# A baffling physics question

by FatFreek 2005 25 Replies latest social current

• ##### stan livedeath

The real physics question is how much weight will you gain over the next few weeks!

• ##### smiddy

Their is also the plus -minus error % to be considered with each recording.,are they outside these limits or within these limits.?

Their is always a margin of error to be taken in consideration with any experiment either with the same person doing the experiment and a different margin with someone else doing the same experiment..

• ##### waton

and remember, free hot air is always less buoyant than the the cool.

• ##### cofty

Water lost as steam.

• ##### aintenoughwiskey

Heat from the cup could be altering the scale. Try with an insulator between cup and scale.

• ##### joey jojo

Agree with Scully.

Has to be some loss on the spoon because you stir each time, plus a little in evaporation.

• ##### eyeuse2badub

I think that your scale may have "overlapping" numbers that sometimes get confused. If all else fails 'wait on jehober'. Final answer!

just saying!

• ##### Island Man

It's not a 10% reduction in weight. The whole thing originally weighed a 16oz then you added in the 30g of syrup. so that's a little more than 17oz. So when it drops from 30g to 26g that's not reflective of a 10% drop in mass because the scale was set to show only the difference over 16oz, remember? So the difference is actually much less than 10% - something like a little over 0.5%. I find this very believable and easily attributable to evaporation of some of the liquid owing to the heating in the microwave and exacerbated by the agitation of the hot liquid due to stirring.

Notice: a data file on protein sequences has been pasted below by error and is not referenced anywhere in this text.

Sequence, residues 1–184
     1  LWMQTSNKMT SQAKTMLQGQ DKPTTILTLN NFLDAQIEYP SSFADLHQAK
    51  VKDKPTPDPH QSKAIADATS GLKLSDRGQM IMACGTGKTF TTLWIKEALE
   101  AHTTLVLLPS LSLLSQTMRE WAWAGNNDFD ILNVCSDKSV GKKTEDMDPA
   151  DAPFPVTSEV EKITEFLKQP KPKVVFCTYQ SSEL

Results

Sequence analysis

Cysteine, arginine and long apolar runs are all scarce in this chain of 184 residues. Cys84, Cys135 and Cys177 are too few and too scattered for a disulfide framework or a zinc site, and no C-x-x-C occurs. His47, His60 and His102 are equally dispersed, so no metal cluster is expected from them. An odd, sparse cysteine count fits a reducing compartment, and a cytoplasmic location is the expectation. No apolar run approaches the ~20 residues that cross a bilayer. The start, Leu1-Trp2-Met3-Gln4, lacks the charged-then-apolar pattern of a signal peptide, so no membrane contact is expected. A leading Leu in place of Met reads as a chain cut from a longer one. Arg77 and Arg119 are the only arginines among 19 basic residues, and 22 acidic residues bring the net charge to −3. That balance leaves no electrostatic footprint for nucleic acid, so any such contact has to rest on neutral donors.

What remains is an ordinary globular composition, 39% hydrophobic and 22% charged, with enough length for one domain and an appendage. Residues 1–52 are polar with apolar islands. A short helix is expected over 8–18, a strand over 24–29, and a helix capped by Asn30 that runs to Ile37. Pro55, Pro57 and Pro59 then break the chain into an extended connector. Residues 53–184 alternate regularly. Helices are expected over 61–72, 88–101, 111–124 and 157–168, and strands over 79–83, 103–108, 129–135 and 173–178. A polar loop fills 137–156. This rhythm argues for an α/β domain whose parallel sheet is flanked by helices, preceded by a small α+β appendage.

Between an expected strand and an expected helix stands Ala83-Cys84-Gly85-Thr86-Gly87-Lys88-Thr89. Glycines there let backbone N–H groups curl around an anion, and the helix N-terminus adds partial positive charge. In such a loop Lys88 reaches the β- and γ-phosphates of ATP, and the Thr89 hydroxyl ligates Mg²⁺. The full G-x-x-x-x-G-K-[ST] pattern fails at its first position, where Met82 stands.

• ##### Nathan Natas

One teaspoon of water is about 5 grams (5ml), so between evaporation and what sticks to the spoon you may have the answer you seek.

On the other hand, some of your beverage may be converting to rich, chocolate-y "DARK MATTER."

Physics is yummy.

• ##### Anony Mous

Boiling 'water' loses about 6%/hour to evaporation so over the 5 minutes you make your 'hot chocolate', you may lose ~0.5% (you have to measure both masses and time and add error bars). Given your ~500g of total 'mass' (16 "oz" + 30 g - please keep the units consistent next time) , losing 0.5% would be ~2.5g - right in line with your measurement (again, add error bars of 0.5-1g depending on your scale).

Additionally adding cold liquid to hot liquids causes turbulence/circulation which may cause hot pockets on the bottom to rise faster and evaporate faster. If you stir, you make it worse.

Also E=mc^2 so as you lose heat (energy), you lose mass although your scale isn't near precise enough to give you an exact number.

You need much more precise measurements to give you exact numbers, if you write a paper though, you may be in line for an Ig Nobel.